SINGAPORE: The Ministry of Education (MOE) and schools will continue to be vigilant about campus security following the River Valley High School death on Monday, said the ministry's director-general of education Wong Siew Hoong.
"Naturally, following this incident, some parents are understandably anxious about the safety of their children in our schools," Mr Wong said on Wednesday (Jul 21).
"Student safety has been and continues to be of paramount importance to all of us. MOE and our schools will continue to be vigilant about campus security."
A 16-year-old student from River Valley High was charged on Tuesday with the murder of a fellow student. The 13-year-old boy was found lying motionless in a school toilet with multiple wounds. He was pronounced dead at the scene.
Police seized an axe as a case exhibit. Preliminary investigations showed that it was bought online, said Law and Home Affairs Minister K Shanmugam.
READ: 'We cannot make sense of what happened': PM Lee offers condolences after River Valley High School death
Mr Wong said that "close friends and teachers" affected by the incident were invited to the school on Tuesday to get psychological first aid and trauma management.
"Some have already accessed the help yesterday," he said, adding that trained MOE specialists and school counsellors attended to them.
Mr Wong added that 97 per cent of River Valley High students returned to school on Wednesday following the public holiday on Tuesday. This is similar to the regular attendance on any given day, he said.
READ: Coping with trauma: Acknowledge incident and talk about emotions, say experts after River Valley High death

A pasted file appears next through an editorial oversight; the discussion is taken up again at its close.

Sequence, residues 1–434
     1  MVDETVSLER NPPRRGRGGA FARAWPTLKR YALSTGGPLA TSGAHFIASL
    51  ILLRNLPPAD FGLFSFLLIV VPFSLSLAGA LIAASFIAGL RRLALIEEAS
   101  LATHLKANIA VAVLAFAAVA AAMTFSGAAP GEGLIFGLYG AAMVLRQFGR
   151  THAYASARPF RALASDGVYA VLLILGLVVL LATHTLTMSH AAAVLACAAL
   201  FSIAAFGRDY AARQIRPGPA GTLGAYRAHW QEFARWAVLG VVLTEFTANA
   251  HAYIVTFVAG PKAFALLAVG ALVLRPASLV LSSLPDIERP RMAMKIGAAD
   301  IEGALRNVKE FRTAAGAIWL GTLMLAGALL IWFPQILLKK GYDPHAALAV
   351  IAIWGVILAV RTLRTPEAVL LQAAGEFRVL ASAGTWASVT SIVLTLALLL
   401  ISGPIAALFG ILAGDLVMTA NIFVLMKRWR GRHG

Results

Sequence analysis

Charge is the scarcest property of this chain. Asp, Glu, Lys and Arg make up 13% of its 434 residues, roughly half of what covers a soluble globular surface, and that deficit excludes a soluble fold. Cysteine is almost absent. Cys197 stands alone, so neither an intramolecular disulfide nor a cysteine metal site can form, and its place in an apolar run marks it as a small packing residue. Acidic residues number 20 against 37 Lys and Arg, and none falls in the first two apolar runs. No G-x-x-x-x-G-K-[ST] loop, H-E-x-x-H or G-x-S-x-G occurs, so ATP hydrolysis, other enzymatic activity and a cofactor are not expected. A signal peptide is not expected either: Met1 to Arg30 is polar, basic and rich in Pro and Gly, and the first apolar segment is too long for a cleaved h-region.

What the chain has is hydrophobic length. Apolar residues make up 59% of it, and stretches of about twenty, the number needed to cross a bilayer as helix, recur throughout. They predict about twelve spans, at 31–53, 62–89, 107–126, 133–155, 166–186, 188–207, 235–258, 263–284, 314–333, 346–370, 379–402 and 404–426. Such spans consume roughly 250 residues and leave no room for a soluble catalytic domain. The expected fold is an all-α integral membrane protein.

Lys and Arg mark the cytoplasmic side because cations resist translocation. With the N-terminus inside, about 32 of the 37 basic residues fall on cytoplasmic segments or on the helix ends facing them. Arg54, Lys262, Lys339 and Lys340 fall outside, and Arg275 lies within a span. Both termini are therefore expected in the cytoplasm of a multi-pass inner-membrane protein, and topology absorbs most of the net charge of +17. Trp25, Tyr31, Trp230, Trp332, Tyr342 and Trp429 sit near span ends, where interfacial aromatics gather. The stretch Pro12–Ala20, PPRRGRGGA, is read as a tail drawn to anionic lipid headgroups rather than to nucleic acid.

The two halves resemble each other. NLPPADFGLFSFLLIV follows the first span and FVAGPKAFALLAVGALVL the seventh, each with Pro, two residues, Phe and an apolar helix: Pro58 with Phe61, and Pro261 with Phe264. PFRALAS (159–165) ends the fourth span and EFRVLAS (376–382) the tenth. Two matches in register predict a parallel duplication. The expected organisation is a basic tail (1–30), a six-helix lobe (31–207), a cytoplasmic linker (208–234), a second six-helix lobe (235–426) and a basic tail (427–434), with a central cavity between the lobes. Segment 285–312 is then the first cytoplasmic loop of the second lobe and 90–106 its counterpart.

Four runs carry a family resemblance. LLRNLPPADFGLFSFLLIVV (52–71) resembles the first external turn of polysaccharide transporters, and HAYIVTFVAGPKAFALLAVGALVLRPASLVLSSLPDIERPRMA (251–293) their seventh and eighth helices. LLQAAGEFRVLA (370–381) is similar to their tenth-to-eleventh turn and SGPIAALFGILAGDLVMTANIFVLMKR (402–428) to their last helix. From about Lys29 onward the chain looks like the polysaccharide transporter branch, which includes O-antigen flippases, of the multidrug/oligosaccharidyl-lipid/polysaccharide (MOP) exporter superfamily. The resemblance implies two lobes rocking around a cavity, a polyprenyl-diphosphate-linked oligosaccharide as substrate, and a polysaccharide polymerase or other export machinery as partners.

"This is the resilience of our students, and we are proud of them," he added.
"RV teachers used some time this morning to check in with their students and to help them process what happened. It is important to create safe spaces for our students to talk about and process their feelings."
Members of the public who wish to share messages of support can do so at a website listed on the school's Facebook page.
Education Minister Chan Chun Sing said in a Facebook post on Tuesday that MOE’s immediate priority is to ensure the welfare and well-being of River Valley High students, teachers and their families.
The ministry has set up a CARE (Caring Action in Response to Emergencies) post in the school for the next few days. It will be manned by ministry staff and school counsellors trained in trauma management to provide psychological support for staff and students.
“For the longer term, we will continue to keep a close eye on students and staff who are still traumatised or show prolonged distress symptoms, and will refer them to professional help as necessary,” he wrote.
“We will work closely with the relevant healthcare agencies and hospitals to render further support.”
READ: 'You are not alone': President Halimah says help available for those affected by River Valley High death
Prime Minister Lee Hsien Loong on Tuesday expressed his condolences to the family of the 13-year-old boy, saying that “we cannot make sense of what happened”.
Mr Lee called on staff and students to notify the school principals and counsellors if they know a pupil or a classmate who seemed troubled or under stress.
“We place great emphasis on safety in our schools, and the well-being of teachers and students,” he wrote in a Facebook post.
“Our education system is not only about good academic performance, but also helping our kids to grow into happy and well-adjusted persons.”
Mr Wong said on Wednesday that there is "undoubtedly a long shadow cast by the tragic incident" as students returned to school.
"As a fellow educator I stand in support of the River Valley High team as they focus on bringing students back to school, and helping the school community process this incident with strength, grace and sensitivity," he said.
"On behalf of MOE and River Valley High, I'd like to thank everyone who has shown concern, and sent messages of support and encouragement. We are deeply heartened and grateful for all of this."